Substance Abuse Recovery Residence For Women in Hickory, NC


In 1998, at the age of 34, Owen Shoup, by all outward appearances looked as though he was doing good; working seventy plus hours a week as a shipping clerk, with a small real-estate business on the side. However, on February 17, 1998 sitting at his kitchen table, he hit bottom, realizing that all the overtime he was working, along with the extra earnings from his real-estate was not enough money to support his addiction to alcohol. He made a decision to give up the high cost of low living, quit drinking, and start life a new.

Owen entered a program of recovery, applied the principles he learned. Two years later, his sister came into the program, followed by his father, at the age of seventy one. Owen says, living a sober life is not always easy, but a lot better than looking for the next drink or running to the bottle to try and solve problems. During the course of his sobriety, Mr. Shoup has had many blessings. One of which is achieving custody of his son, whom he has raised since he was six months old.  A victim of this terrible disease, Mr. Shoup stayed sober, where as, his son's mother could not.

Owen was told early on in recovery, if you put forth one tenth the effort into sobriety that you put toward your drinking, you’ll do just fine. Mr. Shoup feels that seems to be working. In his years in recovery and working with others, he listened to people talk of the high cost of staying at other recovery houses, as well as, being charged for transportation. In 2005, he saw the need for an all women's recovery house. After speaking with several people and the death of his father, a house became available for him. At first, he hesitated, but knew there was a need. He made up his mind and proceeded to seek donations to start the facility. With the help of the late Murray Tate, of the Law Firm of Anthony & Tate, the Angel of Hope organization was forged as a non-profit organization. Mr. Shoup is hopeful to someday get his hands on some of the local grants that flow through Catawba County, however, as of yet, has not received any due to the rubber stamping of other programs already established. Mr. Shoup and his staff work solely as volunteers believing in placing recovery first. However, adopting a child out of the disease of addiction he says getting a salary would be nice. The Angel of Hope organization recently opened Angel of Hope Thrift Store at 2412 North Center Street, Hickory, NC. All proceeds from the store are donated to the Angel of Hope House.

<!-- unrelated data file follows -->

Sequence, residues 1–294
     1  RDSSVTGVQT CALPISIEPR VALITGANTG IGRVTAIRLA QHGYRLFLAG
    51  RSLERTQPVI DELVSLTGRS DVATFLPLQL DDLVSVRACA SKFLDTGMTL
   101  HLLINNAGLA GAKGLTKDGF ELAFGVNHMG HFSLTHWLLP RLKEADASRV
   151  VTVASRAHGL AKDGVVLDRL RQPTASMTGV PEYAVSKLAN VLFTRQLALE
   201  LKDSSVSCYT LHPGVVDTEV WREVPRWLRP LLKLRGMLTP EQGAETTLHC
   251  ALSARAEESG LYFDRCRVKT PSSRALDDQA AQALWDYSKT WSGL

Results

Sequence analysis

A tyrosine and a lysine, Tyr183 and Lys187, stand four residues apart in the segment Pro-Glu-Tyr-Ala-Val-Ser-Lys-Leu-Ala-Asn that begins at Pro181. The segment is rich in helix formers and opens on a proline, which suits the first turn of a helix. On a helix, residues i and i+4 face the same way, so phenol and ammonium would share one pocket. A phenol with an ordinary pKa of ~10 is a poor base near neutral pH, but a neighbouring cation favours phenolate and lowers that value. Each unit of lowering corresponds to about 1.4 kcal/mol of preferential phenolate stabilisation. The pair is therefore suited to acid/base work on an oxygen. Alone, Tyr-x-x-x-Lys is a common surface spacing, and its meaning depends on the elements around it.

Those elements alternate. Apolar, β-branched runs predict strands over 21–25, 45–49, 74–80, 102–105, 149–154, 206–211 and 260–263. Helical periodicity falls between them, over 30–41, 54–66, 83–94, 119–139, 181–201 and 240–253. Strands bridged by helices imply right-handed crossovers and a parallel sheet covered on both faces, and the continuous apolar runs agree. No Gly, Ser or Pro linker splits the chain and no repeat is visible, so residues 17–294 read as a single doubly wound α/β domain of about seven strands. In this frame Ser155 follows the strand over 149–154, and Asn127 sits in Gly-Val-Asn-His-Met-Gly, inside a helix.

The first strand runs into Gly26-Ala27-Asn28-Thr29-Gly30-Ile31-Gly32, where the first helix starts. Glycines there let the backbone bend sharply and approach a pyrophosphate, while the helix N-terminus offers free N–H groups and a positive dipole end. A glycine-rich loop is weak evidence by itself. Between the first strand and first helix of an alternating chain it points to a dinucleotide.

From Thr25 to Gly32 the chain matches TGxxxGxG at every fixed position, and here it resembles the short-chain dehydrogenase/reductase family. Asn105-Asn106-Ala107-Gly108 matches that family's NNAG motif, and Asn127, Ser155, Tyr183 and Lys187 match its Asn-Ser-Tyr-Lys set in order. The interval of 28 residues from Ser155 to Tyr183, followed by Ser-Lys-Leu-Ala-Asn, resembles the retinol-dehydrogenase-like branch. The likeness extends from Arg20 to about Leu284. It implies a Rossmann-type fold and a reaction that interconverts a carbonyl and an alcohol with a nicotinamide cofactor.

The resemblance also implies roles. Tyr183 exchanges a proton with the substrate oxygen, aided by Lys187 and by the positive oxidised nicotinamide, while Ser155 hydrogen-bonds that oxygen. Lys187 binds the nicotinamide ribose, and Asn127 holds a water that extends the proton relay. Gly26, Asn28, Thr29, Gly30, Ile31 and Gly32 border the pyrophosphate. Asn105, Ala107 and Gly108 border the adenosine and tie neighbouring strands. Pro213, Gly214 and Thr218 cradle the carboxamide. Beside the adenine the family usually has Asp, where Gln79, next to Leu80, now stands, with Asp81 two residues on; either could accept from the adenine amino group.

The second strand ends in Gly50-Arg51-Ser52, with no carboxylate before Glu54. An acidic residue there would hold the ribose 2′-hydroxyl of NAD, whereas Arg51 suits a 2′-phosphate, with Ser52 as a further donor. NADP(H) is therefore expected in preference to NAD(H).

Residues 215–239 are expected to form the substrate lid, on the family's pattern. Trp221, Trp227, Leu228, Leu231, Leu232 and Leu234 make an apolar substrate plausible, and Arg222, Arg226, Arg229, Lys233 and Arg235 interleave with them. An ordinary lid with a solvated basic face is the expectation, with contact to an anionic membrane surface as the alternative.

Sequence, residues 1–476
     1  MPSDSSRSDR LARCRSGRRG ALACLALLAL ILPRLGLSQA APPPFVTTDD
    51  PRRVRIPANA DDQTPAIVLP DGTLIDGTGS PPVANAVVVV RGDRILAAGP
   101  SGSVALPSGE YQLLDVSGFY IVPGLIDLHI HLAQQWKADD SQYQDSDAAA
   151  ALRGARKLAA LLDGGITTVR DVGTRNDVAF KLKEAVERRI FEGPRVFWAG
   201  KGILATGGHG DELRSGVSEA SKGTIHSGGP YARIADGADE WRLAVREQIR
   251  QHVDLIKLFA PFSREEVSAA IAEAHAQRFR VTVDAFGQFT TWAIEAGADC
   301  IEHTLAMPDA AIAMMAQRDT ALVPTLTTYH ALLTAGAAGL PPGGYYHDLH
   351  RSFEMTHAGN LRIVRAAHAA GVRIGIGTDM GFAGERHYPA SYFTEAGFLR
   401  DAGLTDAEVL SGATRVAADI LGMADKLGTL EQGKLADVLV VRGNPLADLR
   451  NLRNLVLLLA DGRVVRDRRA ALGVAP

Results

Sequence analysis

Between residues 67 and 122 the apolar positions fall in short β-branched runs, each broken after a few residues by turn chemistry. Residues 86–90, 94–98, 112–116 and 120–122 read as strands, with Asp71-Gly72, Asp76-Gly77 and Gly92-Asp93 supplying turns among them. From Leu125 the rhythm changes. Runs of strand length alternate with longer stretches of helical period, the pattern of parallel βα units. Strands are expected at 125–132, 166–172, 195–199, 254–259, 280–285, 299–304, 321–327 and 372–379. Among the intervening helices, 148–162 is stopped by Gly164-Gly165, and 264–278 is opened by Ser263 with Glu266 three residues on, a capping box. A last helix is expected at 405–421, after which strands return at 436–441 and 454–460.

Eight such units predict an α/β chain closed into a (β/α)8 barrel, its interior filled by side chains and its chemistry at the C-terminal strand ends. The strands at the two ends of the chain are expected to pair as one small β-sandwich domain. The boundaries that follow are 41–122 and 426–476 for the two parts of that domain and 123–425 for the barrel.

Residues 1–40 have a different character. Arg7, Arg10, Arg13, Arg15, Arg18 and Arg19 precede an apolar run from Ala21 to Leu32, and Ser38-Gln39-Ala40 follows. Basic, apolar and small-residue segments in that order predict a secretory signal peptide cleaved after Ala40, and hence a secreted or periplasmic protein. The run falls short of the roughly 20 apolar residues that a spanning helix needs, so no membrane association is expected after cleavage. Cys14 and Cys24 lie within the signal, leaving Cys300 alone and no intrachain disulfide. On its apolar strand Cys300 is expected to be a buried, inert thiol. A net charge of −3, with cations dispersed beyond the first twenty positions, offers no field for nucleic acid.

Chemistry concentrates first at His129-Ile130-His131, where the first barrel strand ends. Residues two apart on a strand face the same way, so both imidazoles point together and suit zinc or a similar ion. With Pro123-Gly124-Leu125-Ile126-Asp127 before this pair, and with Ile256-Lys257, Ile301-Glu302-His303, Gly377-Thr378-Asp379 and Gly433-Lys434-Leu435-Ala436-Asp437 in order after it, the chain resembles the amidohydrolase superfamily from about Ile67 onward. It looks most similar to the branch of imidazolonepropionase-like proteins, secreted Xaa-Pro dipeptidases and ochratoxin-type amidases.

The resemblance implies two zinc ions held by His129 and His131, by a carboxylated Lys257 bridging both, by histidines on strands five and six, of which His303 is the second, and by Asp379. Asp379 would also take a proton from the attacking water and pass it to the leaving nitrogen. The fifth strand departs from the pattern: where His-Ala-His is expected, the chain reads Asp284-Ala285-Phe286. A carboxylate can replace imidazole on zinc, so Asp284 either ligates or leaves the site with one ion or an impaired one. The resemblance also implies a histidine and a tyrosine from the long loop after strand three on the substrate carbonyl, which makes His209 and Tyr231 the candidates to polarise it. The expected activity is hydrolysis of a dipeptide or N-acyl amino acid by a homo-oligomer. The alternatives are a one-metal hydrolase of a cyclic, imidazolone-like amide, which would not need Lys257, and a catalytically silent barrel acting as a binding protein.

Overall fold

Owen laughed and stated he was now at the proverbial glass ceiling as a male. He explained the glass ceiling that most women face so frequently in the job market was now on him, being president and CEO, starting an all women’s house isn’t much different. Mr. Shoup said, “I now fully understand how gender profiling can really affect a company, as well as its mission.” Mr. Shoup has always pushed the women staff of Angel of Hope to the front seeking no fame for himself. He simply wants every one to have the best chance at what God has offered him. You can’t put a price tag on that.

Through public awareness and community support, we can do it. Mr. Shoup emphasizes, he’s not giving them a hand-out, but a hand-up. The women need to learn to be accountable and responsible, through taking action and attitude.

Since the doors of Angel of Hope have been opened, the organization has helped women to recover from their addictions through the Twelve-Step Program, gain self-esteem, employment, get their children, and go back to school. All a part of living life on life’s terms, without drinking or drugging. In the past ten years Mr. Shoup has watched all twenty-seven detox facilities closed in Hickory, NC.

It is through community support that will enable Mr. Shoup to grow and serve. There is a lot more that we can do, but we need the support of grants and the community. Mr. Shoup wants to take Angel of Hope to the next level. He won’t discuss his plans, however, he knows what is needed for Catawba County and the surrounding area, as far as substance abuse, and he, as well as his staff, are ready for the CHALLENGE.